More worrying is that there will never be an honest review on the pandemic. Why, because so many people in positions of power would be seriously threatened by it. Which means that any such review will end up as a completely bland whitewash.  ‘In general the actions taken were reasonable, and in a situation where so much was unknown, it was better to try and protect the public … blah, blah.’ Case closed.

The reality is that these lockdowns were a complete disaster. A complete disaster. The fact that we will never have a proper debate about them, means that we will learn nothing from what happened. This, in turn, means that another disaster is on the way. Those who should be listened to will be attacked, silenced and censored, again.

Those who got it all horribly wrong last time will be handed even greater powers … next time. The reason why lockdowns did not work, they will argue, is because they were not strict enough, or long enough. We need proper lockdowns next time. You have been warned. Cast your eyes over China.

I will leave you with the conclusion of the paper ‘Are lockdowns effective in managing pandemics?’

  • Neither previous pandemics nor COVID19 provide clear evidence that lockdowns help to prevent death in pandemic
  • Lockdowns are associated with a considerable human cost. Even if somewhat effective in preventing COVID19 death, they probably cause far more extensive (an order of magnitude or more) loss of life
  • A thorough risk-benefit analysis must be performed before imposing any lockdown in future.

Which can probably be summed in in the words: Primum non nocere. First, do no harm.

The central guiding principle of medicine that was hurled out of the window in March 2020 by people who seem not to exhibit a scrap of humility, or humanity. Nor apology.




3 thoughts on “Returning to COVID19

  1. WillD says:

    Authoritarianism and tyrannies are not well understood in the west except by a dwindling number of people who lived in some of the affected countries in Europe pre and post WWII. Most think in terms of extreme poverty, abject misery and suffering and constant police brutality (too much Hollywood).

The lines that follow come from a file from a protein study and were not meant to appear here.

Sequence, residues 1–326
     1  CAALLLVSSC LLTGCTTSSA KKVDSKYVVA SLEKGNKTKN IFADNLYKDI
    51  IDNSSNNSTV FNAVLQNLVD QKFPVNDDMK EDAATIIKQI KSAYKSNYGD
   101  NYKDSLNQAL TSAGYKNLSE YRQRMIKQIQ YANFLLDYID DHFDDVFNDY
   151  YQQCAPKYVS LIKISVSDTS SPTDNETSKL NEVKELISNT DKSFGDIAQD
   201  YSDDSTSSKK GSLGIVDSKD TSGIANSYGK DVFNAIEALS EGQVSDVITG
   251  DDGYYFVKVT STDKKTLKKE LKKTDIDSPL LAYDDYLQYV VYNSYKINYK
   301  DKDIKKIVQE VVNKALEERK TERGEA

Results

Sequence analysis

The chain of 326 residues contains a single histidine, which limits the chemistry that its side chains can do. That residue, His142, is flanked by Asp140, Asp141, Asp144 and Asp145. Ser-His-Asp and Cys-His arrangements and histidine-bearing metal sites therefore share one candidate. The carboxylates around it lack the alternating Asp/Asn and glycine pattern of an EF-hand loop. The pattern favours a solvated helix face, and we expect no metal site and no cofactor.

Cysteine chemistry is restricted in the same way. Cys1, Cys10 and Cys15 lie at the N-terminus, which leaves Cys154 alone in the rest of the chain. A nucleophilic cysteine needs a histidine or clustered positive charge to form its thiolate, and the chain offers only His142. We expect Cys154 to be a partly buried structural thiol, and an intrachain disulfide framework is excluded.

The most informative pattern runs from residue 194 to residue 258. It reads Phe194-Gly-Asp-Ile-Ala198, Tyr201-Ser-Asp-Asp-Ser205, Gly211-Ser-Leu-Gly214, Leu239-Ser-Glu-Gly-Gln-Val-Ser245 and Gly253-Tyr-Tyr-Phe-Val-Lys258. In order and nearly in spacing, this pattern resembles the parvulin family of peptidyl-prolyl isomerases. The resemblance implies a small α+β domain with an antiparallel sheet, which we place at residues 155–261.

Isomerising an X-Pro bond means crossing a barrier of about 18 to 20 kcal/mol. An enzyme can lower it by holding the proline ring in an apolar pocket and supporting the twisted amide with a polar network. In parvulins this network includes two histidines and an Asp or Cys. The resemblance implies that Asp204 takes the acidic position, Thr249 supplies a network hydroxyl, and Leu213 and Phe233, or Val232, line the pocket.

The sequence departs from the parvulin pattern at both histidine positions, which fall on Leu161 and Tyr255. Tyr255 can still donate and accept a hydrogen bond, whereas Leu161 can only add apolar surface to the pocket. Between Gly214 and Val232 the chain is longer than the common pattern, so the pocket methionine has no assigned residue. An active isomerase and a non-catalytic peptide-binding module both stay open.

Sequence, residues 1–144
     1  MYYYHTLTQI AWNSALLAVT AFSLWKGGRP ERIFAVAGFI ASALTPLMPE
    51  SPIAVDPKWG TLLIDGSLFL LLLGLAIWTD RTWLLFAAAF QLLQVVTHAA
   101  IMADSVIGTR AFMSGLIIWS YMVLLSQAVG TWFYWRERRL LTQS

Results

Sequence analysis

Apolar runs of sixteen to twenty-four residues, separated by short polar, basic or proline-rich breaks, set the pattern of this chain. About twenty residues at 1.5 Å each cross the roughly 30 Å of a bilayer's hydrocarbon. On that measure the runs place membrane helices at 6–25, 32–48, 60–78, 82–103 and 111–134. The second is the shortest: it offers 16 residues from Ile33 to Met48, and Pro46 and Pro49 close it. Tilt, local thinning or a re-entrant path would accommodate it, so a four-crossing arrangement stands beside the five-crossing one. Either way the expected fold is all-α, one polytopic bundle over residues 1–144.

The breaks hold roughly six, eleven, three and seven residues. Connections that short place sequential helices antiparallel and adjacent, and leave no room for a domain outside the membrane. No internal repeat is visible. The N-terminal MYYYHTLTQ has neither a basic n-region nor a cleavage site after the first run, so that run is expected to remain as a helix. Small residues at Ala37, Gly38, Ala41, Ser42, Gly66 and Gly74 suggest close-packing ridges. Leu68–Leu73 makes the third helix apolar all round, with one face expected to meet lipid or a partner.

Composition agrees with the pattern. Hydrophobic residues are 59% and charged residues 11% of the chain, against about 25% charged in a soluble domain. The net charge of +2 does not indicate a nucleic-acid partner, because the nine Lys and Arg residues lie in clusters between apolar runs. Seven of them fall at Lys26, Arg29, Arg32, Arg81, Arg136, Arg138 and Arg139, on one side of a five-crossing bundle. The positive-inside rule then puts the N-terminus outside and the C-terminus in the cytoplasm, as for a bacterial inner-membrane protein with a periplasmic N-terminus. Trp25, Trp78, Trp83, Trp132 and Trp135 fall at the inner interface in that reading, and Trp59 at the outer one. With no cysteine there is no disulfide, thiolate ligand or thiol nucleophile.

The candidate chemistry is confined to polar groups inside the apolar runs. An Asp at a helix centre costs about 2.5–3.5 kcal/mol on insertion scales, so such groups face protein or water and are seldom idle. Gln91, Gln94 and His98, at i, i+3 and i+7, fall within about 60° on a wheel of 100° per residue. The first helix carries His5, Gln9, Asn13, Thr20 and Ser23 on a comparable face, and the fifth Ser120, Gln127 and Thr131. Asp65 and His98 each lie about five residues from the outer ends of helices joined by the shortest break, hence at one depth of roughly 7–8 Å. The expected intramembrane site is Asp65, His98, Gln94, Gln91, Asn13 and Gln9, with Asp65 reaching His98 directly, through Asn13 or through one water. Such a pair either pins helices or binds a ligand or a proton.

As one who lived in both Portugal and Spain under their respective dictators, I was surprised by the love and affection displayed by most of the people towards their leaders, until I realised the nature of it. Rather like Stockholm syndrome, the citizens, although they knew that the leaders did bad things, still loved them for ‘protecting’ them from the propagandised versions of the rest of the world. They were encouraged to see them as father figures, standing up to protect them and their country against the outside world. They believed the official narratives.

    The success of this strategy relied heavily on ignorance, misinformation and censorship (all of which we are now seeing in rapidly increasing quantities here in the west). I clearly remember talking to people who didn’t want to know about the outside world because they believed it was dangerous, and even dangerous to know about in case it corrupted them. They often admitted their leaders had done bad things but insisted they were necessary to protect the country.

    The strategy worked extremely well, even though the more intelligent people either dissented or conformed, but the vast majority were obviously and visibly happy with their lot.